These results demonstrate that the gliotransmsitter TNFα is the mediator of the specific form of synaptic scaling that occurs in response to prolonged blockade of neuronal activity. Glia are thus one of the sensors for homeostatic regulation and are crucial modulators of neuronal network activity (Fig. 3b). Nevertheless, a number of exciting questions are still to be addressed. For example, a recent report shows that TNFα-mediated synaptic scaling is involved in OD plasticity (Kaneko et al. 2008). After monocular deprivation, neurons in the binocular region of the visual cortex decrease their response to the closed eye and increase their responsiveness to the open eye. Using transgenic mice, this study suggests that the increase in the open eye response is a homeostatic process mediated by TNFα (Kaneko et al. 2008). Given that astrocytes are a major source of TNFα, that they respond to visual stimulation and that they are able to secrete permissive factors for OD plasticity, these results suggest that astrocytes have the potential to be key elements in the control of neuronal network function and plasticity in vivo. Future experiments will investigate how astrocytes sense the global change in network activity, which are the molecular mechanisms controlling the release of TNFα and whether other gliotransmitters are involved in different forms of homeostatic plasticity.

Gliotransmission: understanding space and time

Given that gliotransmission modulates various aspects of the neuronal function, understanding where it occurs and the position of the neuronal receptors involved in this process is of fundamental importance. It is usually assumed that the release of chemical transmitters from glia occurs at the process of the astrocyte contacting the synapse but where exactly the sites of release are and whether different gliotransmitters have different release locations is not clear. Structural evidences support the view that for some transmitters the release may occur close to the synapse since glutamate-containing vesicles have been identified in the astrocytic process facing synaptic structures (Bezzi et al. 2004). Moreover, functional evidence provided by Oliet and coworkers in the supraoptic nucleus of the hypothalamus suggests that the astrocytic process contains the site of release for d-serine (Panatier et al. 2006). Under normal conditions in this brain region astrocytic processes enwrap neurons, but during lactation the astrocytic morphology is drastically changed and astrocytic processes are completely withdrawn. Using this experimental model, the authors were able to demonstrate that the astrocytic process releases d-serine into the synaptic cleft to modulate synaptic but not extrasynaptic NMDA receptors (Panatier et al. 2006). On the other hand, different studies demonstrate that gliotransmission impact receptors located at extrasynaptic or perisynaptic sites with little or no effect on synaptic receptors (Araque et al. 1998; Fellin et al. 2004), raising the possibility that different transmitters could be released at different locations. Given that we know very little about the spatial locations where gliotransmitters are released, it should be remembered that astrocytes contact neurons not only at synapses, but also at cell bodies (Peters et al. 1991; Volterra et al. 2002) and thus it cannot be excluded that part of the signaling between astrocytic and neuronal cells occurs at these latter locations.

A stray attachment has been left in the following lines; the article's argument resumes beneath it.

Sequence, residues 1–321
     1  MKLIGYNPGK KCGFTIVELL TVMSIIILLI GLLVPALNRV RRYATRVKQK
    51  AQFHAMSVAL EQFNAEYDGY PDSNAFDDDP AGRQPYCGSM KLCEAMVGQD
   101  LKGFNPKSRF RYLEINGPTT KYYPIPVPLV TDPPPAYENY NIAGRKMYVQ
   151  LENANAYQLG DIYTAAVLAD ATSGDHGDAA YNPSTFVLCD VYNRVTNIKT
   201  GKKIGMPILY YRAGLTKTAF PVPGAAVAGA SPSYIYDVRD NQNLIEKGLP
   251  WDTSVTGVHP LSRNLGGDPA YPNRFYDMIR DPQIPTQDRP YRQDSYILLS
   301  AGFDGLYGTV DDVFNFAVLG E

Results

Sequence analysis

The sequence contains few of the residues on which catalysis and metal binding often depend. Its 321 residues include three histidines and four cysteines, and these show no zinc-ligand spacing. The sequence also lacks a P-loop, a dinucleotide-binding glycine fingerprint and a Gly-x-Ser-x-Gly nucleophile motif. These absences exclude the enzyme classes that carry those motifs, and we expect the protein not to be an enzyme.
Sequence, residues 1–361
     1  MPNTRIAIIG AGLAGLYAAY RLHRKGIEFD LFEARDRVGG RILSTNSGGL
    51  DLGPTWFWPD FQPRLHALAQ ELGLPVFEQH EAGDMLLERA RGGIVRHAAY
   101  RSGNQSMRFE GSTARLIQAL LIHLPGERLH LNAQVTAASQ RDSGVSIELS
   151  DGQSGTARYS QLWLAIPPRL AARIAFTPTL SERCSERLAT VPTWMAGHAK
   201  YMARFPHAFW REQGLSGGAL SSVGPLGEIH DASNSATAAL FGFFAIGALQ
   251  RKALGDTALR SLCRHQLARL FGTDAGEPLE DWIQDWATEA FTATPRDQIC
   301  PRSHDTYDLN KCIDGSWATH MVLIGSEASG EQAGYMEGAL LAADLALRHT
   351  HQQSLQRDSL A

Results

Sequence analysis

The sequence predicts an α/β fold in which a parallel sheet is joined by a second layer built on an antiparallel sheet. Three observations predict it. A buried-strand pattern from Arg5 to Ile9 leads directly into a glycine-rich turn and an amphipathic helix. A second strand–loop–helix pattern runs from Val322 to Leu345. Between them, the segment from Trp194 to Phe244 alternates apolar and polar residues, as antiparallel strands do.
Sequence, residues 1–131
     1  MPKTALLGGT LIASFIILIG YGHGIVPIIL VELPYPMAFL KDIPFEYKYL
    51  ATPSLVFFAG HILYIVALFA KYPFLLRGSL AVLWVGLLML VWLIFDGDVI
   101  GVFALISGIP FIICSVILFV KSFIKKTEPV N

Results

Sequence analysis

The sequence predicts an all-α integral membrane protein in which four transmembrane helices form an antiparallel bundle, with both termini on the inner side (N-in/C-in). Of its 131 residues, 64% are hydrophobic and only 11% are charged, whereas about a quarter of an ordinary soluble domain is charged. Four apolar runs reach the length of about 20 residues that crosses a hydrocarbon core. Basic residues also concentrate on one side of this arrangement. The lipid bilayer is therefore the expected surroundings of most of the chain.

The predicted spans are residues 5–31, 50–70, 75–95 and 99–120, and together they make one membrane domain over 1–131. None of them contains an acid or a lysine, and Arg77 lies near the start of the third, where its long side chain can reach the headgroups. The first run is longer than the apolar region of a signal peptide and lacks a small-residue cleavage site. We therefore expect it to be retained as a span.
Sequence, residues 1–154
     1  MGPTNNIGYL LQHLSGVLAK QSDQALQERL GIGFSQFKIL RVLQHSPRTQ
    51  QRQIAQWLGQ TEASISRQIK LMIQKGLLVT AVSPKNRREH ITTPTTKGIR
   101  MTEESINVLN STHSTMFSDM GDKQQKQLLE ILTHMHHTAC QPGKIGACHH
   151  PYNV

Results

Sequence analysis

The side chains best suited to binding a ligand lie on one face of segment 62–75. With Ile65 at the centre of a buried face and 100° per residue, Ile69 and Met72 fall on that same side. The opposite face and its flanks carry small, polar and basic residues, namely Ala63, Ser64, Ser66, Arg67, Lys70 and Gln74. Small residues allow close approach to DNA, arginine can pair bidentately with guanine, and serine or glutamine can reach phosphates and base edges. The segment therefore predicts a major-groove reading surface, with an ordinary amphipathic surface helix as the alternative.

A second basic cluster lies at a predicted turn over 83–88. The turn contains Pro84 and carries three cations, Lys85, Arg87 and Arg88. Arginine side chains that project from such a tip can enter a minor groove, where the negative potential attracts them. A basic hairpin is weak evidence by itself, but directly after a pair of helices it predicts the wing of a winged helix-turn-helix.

As the coincidence detection of the neuronal and astrocytic input determines the outcome of synaptic plasticity (Perea and Araque 2007), understanding the timing of gliotransmission with respect to neurotransmission is of equal importance. For example, in vivo and in situ we have very limited information about how in the extracellular space the concentration profile of most gliotransmitters varies with time, whether astrocytes are constantly releasing these molecules, or whether the release is strictly dependent on the neuronal activity. Nevertheless, for a few gliotransmitters, as for example, ATP, we do know that astrocytes release it both tonically and in an activity-dependent way. Constant release of ATP that is rapidly degraded to adenosine provides a tonic suppression at hippocampal synapses, while activity-mediated ATP release from astrocytes is responsible for heterosynaptic depression (Pascual et al. 2005).

Is gliotransmission organized in domains?